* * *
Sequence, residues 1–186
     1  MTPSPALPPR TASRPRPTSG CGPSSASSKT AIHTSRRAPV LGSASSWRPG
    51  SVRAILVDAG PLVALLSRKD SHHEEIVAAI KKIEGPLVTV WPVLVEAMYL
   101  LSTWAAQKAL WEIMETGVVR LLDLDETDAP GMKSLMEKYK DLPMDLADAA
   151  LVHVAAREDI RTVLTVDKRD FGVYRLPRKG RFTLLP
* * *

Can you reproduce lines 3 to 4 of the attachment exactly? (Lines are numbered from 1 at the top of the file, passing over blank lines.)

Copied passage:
    51  SVRAILVDAG PLVALLSRKD SHHEEIVAAI KKIEGPLVTV WPVLVEAMYL
   101  LSTWAAQKAL WEIMETGVVR LLDLDETDAP GMKSLMEKYK DLPMDLADAA